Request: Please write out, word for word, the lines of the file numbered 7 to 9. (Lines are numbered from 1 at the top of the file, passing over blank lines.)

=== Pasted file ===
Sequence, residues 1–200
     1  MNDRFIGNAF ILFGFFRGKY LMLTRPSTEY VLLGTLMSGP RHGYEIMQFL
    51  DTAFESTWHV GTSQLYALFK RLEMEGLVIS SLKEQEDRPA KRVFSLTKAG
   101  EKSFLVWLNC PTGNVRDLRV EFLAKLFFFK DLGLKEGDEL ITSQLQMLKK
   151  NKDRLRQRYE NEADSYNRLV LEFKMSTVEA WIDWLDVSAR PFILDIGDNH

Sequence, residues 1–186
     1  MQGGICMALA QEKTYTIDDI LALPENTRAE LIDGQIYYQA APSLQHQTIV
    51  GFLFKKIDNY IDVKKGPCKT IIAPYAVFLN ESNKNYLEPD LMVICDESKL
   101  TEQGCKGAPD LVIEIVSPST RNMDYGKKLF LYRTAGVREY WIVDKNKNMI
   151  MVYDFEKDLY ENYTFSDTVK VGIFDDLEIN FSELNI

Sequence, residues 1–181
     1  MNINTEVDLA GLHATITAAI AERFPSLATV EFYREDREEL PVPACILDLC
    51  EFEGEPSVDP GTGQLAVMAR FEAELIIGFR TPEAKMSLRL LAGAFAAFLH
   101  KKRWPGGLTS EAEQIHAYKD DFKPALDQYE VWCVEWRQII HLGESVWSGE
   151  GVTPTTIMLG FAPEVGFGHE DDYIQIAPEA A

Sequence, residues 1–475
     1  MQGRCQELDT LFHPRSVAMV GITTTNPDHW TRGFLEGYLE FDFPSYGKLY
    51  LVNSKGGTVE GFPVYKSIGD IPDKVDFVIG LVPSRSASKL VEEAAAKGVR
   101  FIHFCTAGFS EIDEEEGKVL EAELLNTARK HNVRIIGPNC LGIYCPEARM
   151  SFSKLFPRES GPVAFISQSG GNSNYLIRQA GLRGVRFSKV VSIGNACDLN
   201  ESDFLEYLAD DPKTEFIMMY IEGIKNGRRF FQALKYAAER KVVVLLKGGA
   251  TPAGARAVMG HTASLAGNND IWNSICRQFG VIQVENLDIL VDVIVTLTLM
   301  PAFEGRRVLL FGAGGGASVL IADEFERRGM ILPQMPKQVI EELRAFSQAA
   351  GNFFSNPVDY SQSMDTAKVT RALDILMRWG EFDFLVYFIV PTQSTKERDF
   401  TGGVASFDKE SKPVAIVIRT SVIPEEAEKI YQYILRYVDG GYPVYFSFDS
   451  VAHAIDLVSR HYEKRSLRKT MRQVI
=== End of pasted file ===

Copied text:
     1  MQGGICMALA QEKTYTIDDI LALPENTRAE LIDGQIYYQA APSLQHQTIV
    51  GFLFKKIDNY IDVKKGPCKT IIAPYAVFLN ESNKNYLEPD LMVICDESKL
   101  TEQGCKGAPD LVIEIVSPST RNMDYGKKLF LYRTAGVREY WIVDKNKNMI